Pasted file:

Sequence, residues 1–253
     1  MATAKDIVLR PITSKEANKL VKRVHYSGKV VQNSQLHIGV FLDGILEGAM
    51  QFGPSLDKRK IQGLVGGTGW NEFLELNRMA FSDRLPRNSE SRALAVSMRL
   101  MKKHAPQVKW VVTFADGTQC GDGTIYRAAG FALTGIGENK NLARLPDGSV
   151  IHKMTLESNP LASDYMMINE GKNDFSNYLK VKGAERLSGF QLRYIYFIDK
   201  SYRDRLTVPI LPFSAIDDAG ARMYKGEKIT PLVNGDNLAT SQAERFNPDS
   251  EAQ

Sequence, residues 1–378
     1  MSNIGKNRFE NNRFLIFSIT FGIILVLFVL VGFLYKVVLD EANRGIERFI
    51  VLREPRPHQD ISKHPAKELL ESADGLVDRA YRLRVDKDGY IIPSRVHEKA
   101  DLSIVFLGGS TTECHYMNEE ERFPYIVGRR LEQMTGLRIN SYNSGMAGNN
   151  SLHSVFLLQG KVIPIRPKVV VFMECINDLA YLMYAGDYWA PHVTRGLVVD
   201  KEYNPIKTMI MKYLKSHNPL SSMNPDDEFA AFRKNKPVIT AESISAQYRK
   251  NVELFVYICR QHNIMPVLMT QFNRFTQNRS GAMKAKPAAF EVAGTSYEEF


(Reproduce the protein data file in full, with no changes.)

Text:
Sequence, residues 1–253
     1  MATAKDIVLR PITSKEANKL VKRVHYSGKV VQNSQLHIGV FLDGILEGAM
    51  QFGPSLDKRK IQGLVGGTGW NEFLELNRMA FSDRLPRNSE SRALAVSMRL
   101  MKKHAPQVKW VVTFADGTQC GDGTIYRAAG FALTGIGENK NLARLPDGSV
   151  IHKMTLESNP LASDYMMINE GKNDFSNYLK VKGAERLSGF QLRYIYFIDK
   201  SYRDRLTVPI LPFSAIDDAG ARMYKGEKIT PLVNGDNLAT SQAERFNPDS
   251  EAQ

Sequence, residues 1–378
     1  MSNIGKNRFE NNRFLIFSIT FGIILVLFVL VGFLYKVVLD EANRGIERFI
    51  VLREPRPHQD ISKHPAKELL ESADGLVDRA YRLRVDKDGY IIPSRVHEKA
   101  DLSIVFLGGS TTECHYMNEE ERFPYIVGRR LEQMTGLRIN SYNSGMAGNN
   151  SLHSVFLLQG KVIPIRPKVV VFMECINDLA YLMYAGDYWA PHVTRGLVVD
   201  KEYNPIKTMI MKYLKSHNPL SSMNPDDEFA AFRKNKPVIT AESISAQYRK
   251  NVELFVYICR QHNIMPVLMT QFNRFTQNRS GAMKAKPAAF EVAGTSYEEF